Leave it to the company that actually invented jeans to continuously reinvent them. At the Levi Strauss & Co.'s Eureka Innovation Lab, researchers are using technology and scientific experimentation to change the way we think of the iconic brand.
The Eureka Innovation Lab is actually an open-space warehouse that looks like a factory and runs a lot like a test kitchen. The operation is only a few years old but the number of projects its team has designed, tested, recorded, and developed runs in the tens of thousands. At any given time, there are dozens of researchers with indigo-dyed hands plunging denim into vats of chemicals, adjusting ozone gas levels, and tossing pumice stones and jeans into great industrial washers. Through a continuous process of design ideation and rapid prototyping, the lab delivers a host of new products that are greener, last longer, are more comfortable, and appeal to a broader array of customers.
Prior to opening its innovation lab, Levi Strauss & Co. was considered a company long overdue for change. Now, the company has set its sights on women. Exactly how does the oldest jean company in the world—the one that originally created virtually indestructible pants for miners—appeal to a gender that typically prefers fashion and comfort? That’s the job of Bart Sights, senior director for technical innovation, who is particularly interested in the soaring sales of leisure athletic wear (“athleisure wear”) for women.
In fact, it was the quest for a denim alternative to the yoga pant that drove Levi Strauss & Co. to make innovation a new priority. Through hands-on experimentation with chemicals and computer technology—and prototyping using new textiles—innovation lab teams are perfecting their own version of the yoga pant alternative.
Takeaways from the Eureka Innovation Lab:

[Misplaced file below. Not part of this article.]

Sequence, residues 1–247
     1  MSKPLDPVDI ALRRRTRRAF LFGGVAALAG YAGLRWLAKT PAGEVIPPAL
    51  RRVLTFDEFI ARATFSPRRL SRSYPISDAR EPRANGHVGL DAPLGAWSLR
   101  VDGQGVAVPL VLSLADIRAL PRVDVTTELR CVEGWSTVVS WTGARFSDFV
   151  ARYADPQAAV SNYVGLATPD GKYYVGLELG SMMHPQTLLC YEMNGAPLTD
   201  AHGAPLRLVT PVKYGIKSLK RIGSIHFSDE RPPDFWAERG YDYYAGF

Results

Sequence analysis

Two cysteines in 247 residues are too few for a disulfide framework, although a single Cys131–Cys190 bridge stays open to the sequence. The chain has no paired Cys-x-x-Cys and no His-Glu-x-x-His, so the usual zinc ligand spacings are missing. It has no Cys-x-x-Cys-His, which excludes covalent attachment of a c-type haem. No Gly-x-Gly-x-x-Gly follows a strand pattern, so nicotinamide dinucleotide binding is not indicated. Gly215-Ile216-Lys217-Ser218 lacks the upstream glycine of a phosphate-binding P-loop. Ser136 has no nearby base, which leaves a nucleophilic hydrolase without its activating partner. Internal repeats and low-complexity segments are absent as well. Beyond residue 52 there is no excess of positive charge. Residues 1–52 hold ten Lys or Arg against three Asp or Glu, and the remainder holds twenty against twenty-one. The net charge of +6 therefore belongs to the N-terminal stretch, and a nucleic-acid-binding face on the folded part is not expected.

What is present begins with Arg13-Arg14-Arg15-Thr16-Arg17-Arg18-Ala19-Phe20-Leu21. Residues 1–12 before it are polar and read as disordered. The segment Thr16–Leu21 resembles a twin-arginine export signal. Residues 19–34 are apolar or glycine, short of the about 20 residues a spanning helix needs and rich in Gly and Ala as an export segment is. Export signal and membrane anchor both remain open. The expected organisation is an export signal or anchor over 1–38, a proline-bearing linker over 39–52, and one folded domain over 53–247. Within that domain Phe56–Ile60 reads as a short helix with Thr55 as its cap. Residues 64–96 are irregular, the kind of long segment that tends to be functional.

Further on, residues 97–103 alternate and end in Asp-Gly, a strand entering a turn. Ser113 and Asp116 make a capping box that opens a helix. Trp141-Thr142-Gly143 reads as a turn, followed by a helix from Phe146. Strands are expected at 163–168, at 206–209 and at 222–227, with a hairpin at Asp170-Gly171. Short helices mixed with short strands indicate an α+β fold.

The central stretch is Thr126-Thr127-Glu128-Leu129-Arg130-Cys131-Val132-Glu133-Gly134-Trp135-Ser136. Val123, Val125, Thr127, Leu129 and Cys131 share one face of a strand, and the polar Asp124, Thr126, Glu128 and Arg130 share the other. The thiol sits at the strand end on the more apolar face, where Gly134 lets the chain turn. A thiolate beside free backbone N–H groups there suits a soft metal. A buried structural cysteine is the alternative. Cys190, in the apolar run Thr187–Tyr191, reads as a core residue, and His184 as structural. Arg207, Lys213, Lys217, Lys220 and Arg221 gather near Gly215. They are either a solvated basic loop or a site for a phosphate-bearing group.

> Innovation strategy should be data-driven. No matter how creative the discovery process may seem, an innovation strategy should be exact. Levi's® uses a recipe for each pair of jeans it designs, which includes a step-by-step guide to the manual, chemical, and mechanical processes that created it.
> Invent for the customer. Even a privately-owned, family business like Levi Strauss & Co. must listen to the demands of change. Only through the discovery of consumer preference for comfort was the innovation lab team able to develop the right product.
> It’s never too late for reinvention. After a financial plateau, the 143-year-old iconic company uses innovation and the latest science to reconnect to its history and recreate its brand.
> Diversify or die. Diversification is critical to survival—whether that’s in products, services, delivery, packaging, or processes. Levi Strauss & Co. finally released its tight grip on an outdated, masculine image. In recognizing the need to target women, its decision to diversify likely prevented the company’s demise.
> Read the tea leaves. Levi Strauss & Co. mistakenly misread the “athleisure” trend as a passing fad and has been playing catch-up ever since. A culture of innovation will ensure your business has a better ear for such indicators.